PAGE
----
Noomi Rapace has landed an out-of-this-world project…
Apple TV+ has given a formal green light to Constellation, a conspiracy-based psychological thriller drama series starring the 42-year-old half-Spanish actress.
Rapace will star alongside Jonathan Banks in the project, which was created and written by Peter Harness.
Michelle MacLaren is set to direct the series from Turbine Studios and Haut et Court TV.
Constellation will star Rapace as Jo, a woman who returns to Earth after a disaster in space — only to discover that key pieces of her life seem to be missing.
The action-packed space adventure is an exploration of the dark edges of human psychology, one woman’s desperate quest to expose the truth about the hidden history of space travel and for her to recover all that she has lost.
Banks will play Henry, a Nobel Prize-winning physicist. The answers to his secret discovery are protected by Jo on the ISS… until she returns.
Constellation, which has been unofficially referred to as CosmonautsandElectric Eye, is co-produced by Turbine Studios and Haut et Court TV.
Rapace’s television credits include a starring role in Season 2 of Prime Video’s Tom Clancy’s Jack Ryan. Her most recent features include The Trip, You Want Be Alone, Black Craband the upcoming Assassin Club.
Mario Vargas Llosa is bringing his special service online…
The 85-year-old Peruvian novelist, journalist, essayist, former politician and literary Nobel Prize winner’s novel Captain Pantoja and the Special Service will be adapted by TelevisaUnivision as an exclusive Spanish-language series for its premium streaming service Vix+.
The series, to be produced by Patricio Wills’ W Studios, will feature a modern take on this story about a captain who leads a secret mission for the army to recruit women who use their feminine wiles to motivate the soldiers.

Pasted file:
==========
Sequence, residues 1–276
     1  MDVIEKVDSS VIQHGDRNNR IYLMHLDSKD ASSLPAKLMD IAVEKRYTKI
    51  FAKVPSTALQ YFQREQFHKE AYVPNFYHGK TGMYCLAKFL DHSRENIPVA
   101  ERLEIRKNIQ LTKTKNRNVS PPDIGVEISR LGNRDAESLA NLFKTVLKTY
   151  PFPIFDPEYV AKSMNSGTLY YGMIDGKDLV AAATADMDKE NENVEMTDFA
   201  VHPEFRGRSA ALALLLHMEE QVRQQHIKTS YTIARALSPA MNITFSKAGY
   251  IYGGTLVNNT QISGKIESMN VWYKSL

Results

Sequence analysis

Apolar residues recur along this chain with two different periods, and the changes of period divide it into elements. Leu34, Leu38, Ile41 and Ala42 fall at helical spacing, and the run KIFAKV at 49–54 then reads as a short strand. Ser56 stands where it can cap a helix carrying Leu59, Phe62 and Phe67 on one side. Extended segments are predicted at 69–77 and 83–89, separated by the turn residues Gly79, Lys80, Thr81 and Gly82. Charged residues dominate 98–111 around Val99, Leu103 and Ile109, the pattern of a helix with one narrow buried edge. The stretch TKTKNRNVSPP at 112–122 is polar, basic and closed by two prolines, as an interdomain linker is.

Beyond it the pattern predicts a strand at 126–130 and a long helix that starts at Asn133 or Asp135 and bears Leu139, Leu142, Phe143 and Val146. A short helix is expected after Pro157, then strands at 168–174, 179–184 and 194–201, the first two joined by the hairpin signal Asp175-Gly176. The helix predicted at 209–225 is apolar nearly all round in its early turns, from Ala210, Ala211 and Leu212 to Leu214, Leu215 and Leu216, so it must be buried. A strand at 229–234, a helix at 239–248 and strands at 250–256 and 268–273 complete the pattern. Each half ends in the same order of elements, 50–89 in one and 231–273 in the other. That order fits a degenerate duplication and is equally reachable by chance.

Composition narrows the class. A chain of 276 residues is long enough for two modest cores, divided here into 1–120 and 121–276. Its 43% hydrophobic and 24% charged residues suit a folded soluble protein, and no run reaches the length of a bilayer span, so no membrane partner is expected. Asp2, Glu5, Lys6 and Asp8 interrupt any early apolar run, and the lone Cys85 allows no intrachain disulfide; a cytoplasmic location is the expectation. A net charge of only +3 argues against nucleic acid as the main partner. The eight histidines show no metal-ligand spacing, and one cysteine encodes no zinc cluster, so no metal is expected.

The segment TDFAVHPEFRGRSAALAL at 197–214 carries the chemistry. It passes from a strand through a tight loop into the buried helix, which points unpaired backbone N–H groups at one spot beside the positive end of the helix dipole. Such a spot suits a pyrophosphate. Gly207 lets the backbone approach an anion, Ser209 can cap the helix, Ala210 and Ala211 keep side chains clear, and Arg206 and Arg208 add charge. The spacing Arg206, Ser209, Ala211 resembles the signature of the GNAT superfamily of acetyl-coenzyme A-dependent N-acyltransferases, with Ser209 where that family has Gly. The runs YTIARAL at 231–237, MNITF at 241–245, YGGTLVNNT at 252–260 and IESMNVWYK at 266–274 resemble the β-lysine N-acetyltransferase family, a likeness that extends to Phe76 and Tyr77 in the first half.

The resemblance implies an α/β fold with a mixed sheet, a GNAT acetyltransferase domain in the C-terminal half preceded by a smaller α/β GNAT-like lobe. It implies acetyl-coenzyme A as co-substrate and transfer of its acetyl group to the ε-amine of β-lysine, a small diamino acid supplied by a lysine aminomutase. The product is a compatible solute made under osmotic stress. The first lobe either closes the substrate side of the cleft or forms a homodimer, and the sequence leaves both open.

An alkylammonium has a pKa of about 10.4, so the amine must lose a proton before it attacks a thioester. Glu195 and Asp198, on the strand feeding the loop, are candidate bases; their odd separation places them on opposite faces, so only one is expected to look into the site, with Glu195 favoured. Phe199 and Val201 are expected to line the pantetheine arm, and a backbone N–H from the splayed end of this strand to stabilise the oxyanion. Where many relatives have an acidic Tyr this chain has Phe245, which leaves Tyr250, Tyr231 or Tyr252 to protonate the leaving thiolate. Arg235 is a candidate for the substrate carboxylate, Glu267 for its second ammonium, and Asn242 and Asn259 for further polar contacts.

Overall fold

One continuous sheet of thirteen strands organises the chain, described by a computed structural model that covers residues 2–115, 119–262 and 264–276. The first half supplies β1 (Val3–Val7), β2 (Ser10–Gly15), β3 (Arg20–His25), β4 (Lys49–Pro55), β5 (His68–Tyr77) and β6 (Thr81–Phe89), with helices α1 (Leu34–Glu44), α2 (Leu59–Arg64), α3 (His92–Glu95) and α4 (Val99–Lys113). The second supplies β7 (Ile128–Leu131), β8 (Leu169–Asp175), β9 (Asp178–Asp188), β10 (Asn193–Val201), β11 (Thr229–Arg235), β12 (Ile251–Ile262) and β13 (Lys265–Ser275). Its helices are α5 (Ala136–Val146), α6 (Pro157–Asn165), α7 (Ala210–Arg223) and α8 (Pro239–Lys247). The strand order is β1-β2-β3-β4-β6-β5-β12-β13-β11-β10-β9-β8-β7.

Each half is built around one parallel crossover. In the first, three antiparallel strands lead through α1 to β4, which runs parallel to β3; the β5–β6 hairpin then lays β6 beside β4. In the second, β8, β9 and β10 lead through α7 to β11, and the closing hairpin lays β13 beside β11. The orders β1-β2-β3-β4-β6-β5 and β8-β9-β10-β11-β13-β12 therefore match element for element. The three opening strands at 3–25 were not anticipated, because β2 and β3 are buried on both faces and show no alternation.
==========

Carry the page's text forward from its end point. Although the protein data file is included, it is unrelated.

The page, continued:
“As we build a brand that will be a beacon for Latin cultures, we are congregating the Spanish-language creative community under one roof to elevate Hispanic storytelling and celebrate our unique and diverse stories,” Rodrigo Mazón, EVP and general manager of Vix+, said in a statement. “We are proud to work with notable writers such as Mario Vargas Llosa to continue together developing the most prolific Spanish-language streaming service.”
This is Vix+’s second adaptation of a book by the internationally acclaimed Peruvian author. Vargas Llosa’s Travesuras de la Niña Mala is currently also in development.
The premium SVOD service is slated to launch in the second half of 2022; a free AVOD product will be available in the U.S., Mexico, and other Spanish-speaking countries in Latin America on March 31.
Camila Cabello is urging the U.S. Congress to support President Joe Biden’s climate change plan…
While Democratic leadership tries to unite its progressive and moderate wings, a group of 80-plus artists, celebrities and activists, including the 24-year-old Cuban/Mexican singer, are calling on the leaders of Google, Disney, Amazon, Fox, Facebook to join them in urging Congress to support Biden’s Build Back Better plan.
In addition to Cabello, signatories to the group letter included J.J. Abrams, Greg Berlanti, Cate Blanchett, Jack Antonoff, Don Cheadle, Ellen DeGeneres, Selena Gomez, Shakira, Chris Evans, Jimmy Kimmel, Lady Gaga, John Legend, Chuck Lorre, Julia Louis-Dreyfus, Lin-Manuel Miranda, Sean Penn, Joaquin Phoenix, Billy Porter, Robert Redford, Ryan Reynolds, Shakira, Barbra Streisand, Wes Studi, Justin Timberlake, Kerry Washington and many more.
On Monday, a group of 17 Nobel Prize-winning economists also came out in support of Biden’s plan.
Manish Bapna, President and CEO of the NRDC Action Fund said, “These are the tastemakers of our time—and in moments like these they have an opportunity to be the changemakers, too. What started as an idea by Camila Cabello has exploded into a clarion call from entertainers overnight to take action. Congress holds in its hands our best chance at combating our biggest environmental challenge yet. We need all hands on deck to make sure they seize it, and these industry leaders can play a critical role in making sure that they do.”